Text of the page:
The Tabernacle Choir Blog

Giving Julie Rohde a Standing Ovation

A standing ovation for Julie Rohde starts right now!

After more than twenty years in The Tabernacle Choir singing as a second alto and over twenty years in the Choir front office as an Executive Assistant, Julie Rohde truly deserves the applause of all the Choir family and its millions of friends. Over that extended period of time, Julie has shown a singular commitment to the work of the Choir, been so influential in ways big and small, and been so encouraging of Choir organization members. As she would say, she has been “more blessed” by being a part of The Tabernacle Choir on Temple Square.

Julie is retiring on May 20, 2022.

She began singing in the Choir in October 1981 when Jerold Ottley was the conductor. She sang under the baton of Craig Jessop and Mack Wilberg, retiring from singing in 2003. Prior to joining the Choir staff, Julie worked for the Mormon Youth Symphony and Orchestra for nine years. Their offices were just next door to those of The Tabernacle Choir. When she was approached to work in the Choir office, she jumped at the chance. Counting her time with Mormon Youth and with The Tabernacle Choir as a singer and employee, Julie has been in the business of making music for the Church for the better part of 50 years. It's hard to think of anyone else in the Choir who has had such a history of singing and administrative service. She has served under five Choir presidents: Oakley Evans was president when she began, Wendell Smoot followed, and then Mac Christensen, Ron Jarrett, and now Mike Leavitt.

It’s fair to say her life has been consumed by The Tabernacle Choir for over forty years and she has loved every minute of it from being on stage to being behind the scenes. She has been there for tours around the world from Russia to Australia and for moving the Choir offices from the high-rise Church Office Building to the Tabernacle in 2007. She sang in the first general conference sessions in the new Conference Center in 2000, at multiple United States presidential inaugurals, and at the funerals of presidents of The Church of Jesus Christ of Latter-day Saints. She has seen more than a dozen dresses for the women’s wardrobe come—and some go. She has kept the historical roster of Choir members, collecting names back to the 1800s. Her efforts now include names of the Orchestra, Bells, and staff—more than 6,000 members.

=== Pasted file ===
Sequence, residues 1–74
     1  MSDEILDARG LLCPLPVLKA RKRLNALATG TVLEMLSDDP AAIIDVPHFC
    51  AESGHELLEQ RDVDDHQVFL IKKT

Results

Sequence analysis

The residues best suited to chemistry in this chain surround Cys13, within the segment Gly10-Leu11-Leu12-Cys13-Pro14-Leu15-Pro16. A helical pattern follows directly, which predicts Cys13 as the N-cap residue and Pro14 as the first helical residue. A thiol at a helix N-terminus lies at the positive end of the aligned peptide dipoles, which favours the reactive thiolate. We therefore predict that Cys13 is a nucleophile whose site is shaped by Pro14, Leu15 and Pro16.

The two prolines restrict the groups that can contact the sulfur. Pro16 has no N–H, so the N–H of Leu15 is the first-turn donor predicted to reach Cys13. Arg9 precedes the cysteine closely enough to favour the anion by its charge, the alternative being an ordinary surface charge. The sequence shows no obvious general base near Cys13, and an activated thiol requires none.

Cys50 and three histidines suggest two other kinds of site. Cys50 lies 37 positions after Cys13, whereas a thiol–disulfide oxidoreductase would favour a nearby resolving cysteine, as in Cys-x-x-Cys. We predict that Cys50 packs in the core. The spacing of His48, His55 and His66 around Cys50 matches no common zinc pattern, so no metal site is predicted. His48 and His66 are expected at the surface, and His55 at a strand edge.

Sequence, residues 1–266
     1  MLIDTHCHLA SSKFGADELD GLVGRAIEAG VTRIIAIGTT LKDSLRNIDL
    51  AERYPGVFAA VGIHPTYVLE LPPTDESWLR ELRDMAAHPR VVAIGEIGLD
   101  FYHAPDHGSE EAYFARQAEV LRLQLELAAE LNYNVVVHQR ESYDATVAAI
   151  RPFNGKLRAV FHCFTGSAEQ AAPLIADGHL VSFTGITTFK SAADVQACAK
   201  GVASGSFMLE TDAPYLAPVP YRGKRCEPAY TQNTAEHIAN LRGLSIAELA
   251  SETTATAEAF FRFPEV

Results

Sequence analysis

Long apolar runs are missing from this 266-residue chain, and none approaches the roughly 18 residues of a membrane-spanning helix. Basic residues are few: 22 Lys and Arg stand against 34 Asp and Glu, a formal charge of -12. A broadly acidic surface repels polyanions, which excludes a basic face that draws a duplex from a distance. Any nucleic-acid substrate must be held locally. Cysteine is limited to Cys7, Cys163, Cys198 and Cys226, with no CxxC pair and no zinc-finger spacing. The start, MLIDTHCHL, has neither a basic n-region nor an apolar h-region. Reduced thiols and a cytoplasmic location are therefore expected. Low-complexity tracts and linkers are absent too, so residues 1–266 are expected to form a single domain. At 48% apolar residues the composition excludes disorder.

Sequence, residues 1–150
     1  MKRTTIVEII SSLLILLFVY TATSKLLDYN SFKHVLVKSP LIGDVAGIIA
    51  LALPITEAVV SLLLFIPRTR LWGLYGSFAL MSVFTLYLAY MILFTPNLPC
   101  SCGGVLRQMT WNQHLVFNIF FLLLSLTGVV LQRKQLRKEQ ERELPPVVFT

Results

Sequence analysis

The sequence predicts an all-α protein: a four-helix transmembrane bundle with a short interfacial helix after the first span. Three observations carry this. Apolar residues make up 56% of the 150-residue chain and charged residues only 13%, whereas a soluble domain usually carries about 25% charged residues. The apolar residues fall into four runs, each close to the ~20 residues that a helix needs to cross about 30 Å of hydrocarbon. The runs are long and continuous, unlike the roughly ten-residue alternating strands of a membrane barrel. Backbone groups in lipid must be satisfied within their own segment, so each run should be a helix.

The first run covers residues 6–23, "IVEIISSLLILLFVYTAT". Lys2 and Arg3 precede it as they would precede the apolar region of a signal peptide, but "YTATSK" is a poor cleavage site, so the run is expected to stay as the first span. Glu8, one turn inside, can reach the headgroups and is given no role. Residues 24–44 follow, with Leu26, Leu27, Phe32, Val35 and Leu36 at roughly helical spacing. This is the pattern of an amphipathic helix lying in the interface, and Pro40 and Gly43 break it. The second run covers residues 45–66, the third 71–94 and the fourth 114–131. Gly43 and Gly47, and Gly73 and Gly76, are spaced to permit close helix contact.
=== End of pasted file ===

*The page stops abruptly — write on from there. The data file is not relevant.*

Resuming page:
In the Choir office, she has worked closely with broadcasts, concerts, and special performances. Her hands have shaped programs, kept track of music for upcoming productions and Music & the Spoken Word broadcasts, and coordinated with production teams.

When reflecting on experiences that were memorable, Julie quickly speaks of a very special meeting in the Salt Lake Temple where the Choir sang in praise of Jesus Christ in His Holy House, as well as singing in the rebuilt Nauvoo Temple for the first session of the dedication. She fondly remembers singing in Shepherds’ Field in Israel on tour with the Choir and has been blessed with many opportunities to listen to and encourage new and retiring Choir members. She will never forget singing at Tanglewood, shortly after knee surgery, leaning on a cane so she couldn’t hold her music. The woman in front of her knew the music and held up her folder high so Julie could see the notes and sing. That kind of care is what the Choir has been about for her all these years. And being immersed in the Choir has strengthened her testimony. When she reads the scriptures, she finds herself recognizing so many phrases and messages that are ever present in the Choir’s music.

Among her most treasured associations has been working closely with music director Mack Wilberg since 2008. She is grateful for the respect and kindness he has shown her describing him as “so incredibly kind, so patient, so appreciative.”

Dr. Wilberg returns the compliments. “Over these many years Julie has accomplished her responsibilities so admirably and her gracious efforts have made her friends all over the world. Her unmatched institutional knowledge and great writing and editorial skills are truly irreplaceable. She will be greatly missed!”

After these many years of service, Julie’s friends and colleagues concur with Dr. Wilberg’s sentiments and join together in the traditional Choir farewell, “God be with you till we meet again.”